How to Create an Irresistible Brand Story with these 7 Elements
Famous American novelist, Ernest Hemingway, once bet a group of friends that he could make them cry from a story with only six words. If he won the bet, each of his friends would have to pay him ten dollars. Hemingway’s six-word story was, “For Sale: Baby shoes, never worn.” As you might’ve guessed, he won the bet.
We marvel at Hemingway’s mastery of language, and how he could use so few words to say so much. But the reality is, you don’t have to be a bestselling novelist, to be a storyteller. In fact, we’re all storytellers who are sharing stories and being transformed by them every day.
Storytelling is Good for Business
It’s easy to see why storytelling is an essential skill for the Hemingways out there, but have you considered storytelling an integral part of your blog or website? The way we market our work isn’t merely telling the world what we do, it’s about drawing your reader into the story you’re telling. Author and marketer, Seth Godin said,
“Marketing is no longer about the stuff you make, but the stories you tell.
At first, this seems like a piece of 21st-century marketing advice, but stories have been shaping civilization long before history was even written down. Stories have the unique ability to cut through the noise, grab our attention, and make us lean in a little closer. Even social media companies have taken note and have given us the ability to create visual stories on their platforms. Since stories are so effective, how can we take advantage of this technique and apply it to the way we market our work?
The Elements of a Good Story
Best-selling author Donald Miller answers that question in his book, Building a StoryBrand. He lays out seven crucial elements every business (or in our case website or blog) needs when clarifying its brand’s message.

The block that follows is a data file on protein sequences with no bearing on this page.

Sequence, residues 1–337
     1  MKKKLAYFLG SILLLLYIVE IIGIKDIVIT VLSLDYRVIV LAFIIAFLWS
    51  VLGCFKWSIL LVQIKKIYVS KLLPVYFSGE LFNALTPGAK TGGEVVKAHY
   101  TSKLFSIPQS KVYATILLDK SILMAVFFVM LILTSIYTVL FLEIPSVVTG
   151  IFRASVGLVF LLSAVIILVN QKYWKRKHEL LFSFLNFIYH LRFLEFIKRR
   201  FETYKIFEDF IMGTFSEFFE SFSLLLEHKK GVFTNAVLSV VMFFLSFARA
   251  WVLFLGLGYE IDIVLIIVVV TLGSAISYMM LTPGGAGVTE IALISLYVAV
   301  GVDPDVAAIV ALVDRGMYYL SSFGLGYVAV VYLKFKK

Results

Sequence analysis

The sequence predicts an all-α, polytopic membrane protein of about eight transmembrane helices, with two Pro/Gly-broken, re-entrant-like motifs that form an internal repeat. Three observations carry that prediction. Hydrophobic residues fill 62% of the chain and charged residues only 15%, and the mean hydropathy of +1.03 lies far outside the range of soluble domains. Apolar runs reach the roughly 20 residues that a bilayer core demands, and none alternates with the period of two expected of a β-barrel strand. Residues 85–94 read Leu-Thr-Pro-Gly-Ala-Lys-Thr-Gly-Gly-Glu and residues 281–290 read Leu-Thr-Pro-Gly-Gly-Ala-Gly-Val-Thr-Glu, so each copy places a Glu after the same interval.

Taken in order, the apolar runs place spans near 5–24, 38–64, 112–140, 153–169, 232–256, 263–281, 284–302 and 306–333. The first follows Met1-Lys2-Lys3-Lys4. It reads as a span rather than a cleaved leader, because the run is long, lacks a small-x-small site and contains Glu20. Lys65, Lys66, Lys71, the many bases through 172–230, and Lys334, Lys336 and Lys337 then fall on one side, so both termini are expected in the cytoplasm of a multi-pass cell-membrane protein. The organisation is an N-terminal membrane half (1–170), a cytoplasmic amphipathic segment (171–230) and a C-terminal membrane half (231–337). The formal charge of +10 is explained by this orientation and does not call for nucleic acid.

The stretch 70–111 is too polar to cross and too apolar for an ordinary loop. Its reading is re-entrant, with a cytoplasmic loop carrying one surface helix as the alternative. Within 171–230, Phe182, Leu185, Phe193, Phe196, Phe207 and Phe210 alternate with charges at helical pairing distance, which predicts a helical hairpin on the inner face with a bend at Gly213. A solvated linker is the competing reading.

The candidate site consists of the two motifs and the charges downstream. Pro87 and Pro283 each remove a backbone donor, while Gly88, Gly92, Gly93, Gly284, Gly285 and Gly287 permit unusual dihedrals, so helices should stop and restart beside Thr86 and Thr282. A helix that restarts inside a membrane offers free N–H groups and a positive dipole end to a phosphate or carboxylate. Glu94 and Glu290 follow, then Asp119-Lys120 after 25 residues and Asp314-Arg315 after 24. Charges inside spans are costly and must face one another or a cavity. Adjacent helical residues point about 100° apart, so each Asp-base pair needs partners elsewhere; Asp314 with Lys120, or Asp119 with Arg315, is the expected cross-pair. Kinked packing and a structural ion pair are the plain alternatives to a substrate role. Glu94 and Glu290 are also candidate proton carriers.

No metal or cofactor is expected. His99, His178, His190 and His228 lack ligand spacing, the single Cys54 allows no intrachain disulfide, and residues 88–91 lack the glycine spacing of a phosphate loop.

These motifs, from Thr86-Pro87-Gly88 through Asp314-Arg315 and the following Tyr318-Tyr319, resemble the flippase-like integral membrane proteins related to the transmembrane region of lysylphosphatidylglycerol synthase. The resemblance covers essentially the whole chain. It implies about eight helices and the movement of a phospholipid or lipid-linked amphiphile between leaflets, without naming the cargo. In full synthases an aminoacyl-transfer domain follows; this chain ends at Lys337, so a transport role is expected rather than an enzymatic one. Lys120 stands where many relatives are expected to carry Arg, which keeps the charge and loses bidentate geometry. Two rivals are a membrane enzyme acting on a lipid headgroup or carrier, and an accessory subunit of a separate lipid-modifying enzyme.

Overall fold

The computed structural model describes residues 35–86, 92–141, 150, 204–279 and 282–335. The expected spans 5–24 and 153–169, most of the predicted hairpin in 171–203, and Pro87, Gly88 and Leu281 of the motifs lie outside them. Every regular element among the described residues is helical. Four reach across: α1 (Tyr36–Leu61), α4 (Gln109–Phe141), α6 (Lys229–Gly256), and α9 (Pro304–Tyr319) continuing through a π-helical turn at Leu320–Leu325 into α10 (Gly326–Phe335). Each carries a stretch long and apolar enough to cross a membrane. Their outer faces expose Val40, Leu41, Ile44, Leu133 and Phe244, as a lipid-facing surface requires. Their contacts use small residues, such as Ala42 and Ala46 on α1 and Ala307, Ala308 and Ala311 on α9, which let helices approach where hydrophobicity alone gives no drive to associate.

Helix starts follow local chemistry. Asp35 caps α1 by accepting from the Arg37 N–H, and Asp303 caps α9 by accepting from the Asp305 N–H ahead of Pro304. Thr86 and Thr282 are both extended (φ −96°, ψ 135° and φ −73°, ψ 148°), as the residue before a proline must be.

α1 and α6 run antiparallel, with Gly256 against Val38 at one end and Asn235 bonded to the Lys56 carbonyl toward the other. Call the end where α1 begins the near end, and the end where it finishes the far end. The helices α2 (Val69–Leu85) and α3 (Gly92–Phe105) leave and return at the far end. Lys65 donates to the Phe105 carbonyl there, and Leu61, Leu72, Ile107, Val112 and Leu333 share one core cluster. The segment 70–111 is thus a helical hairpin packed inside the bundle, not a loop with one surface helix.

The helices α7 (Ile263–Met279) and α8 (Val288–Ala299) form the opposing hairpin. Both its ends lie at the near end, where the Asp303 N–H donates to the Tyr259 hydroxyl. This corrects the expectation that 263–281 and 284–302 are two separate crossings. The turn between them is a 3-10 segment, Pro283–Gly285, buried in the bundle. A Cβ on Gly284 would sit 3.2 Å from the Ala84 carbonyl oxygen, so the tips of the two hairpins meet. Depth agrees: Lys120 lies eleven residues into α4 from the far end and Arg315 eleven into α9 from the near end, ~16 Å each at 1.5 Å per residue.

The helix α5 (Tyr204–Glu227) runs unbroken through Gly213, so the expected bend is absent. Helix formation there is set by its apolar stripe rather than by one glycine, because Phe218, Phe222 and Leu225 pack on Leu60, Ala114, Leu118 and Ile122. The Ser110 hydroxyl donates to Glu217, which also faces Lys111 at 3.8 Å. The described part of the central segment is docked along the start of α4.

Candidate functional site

Your brand message refers to the way, tone of voice, and language you use to deliver your brand’s value proposition. In short: it’s the way you talk about what you do, and why you are uniquely qualified to do it.
Once these elements are understood and woven into your website’s story, the results can be, in story terms…epic.
Here are the 7 brand story elements every website needs:
- A character (your reader)
- Who has a problem (that needs to be solved)
- And meets a guide (that’s YOU!)
- Who gives them a plan (your solution)
- And calls them to action (buy, subscribe, join)
- That ends in success
- And helps them avoid failure (what would happen if they didn’t join you in some way).
If we haven’t clarified our message our readers won’t know what to do or listen to what we have to say. Pretty websites don’t sell things, words sell things. When you apply this framework, you reduce the labor your visitors have to endure to figure out your value, buy your thing, or subscribe to your blog.
A Tale as Old as Time
Knowing this framework not only helps you position yourself better online, but once you know it, you’ll recognize it everywhere. Miller warns it will forever ruin the way you watch movies because you’ll be able to identify the missing elements of the story and predict how it will end.
Consider the Star Wars saga. Luke Skywalker (character), is at war with the Galactic Empire (problem). In his quest to overcome the Empire he receives training from Obi-Wan Kenobi and Master Yoda (guides), who trains him to be a Jedi Knight (plan). If he’s unsuccessful the dark side will prevail (failure), but with his training and sheer willpower, he destroys the Death Star (success).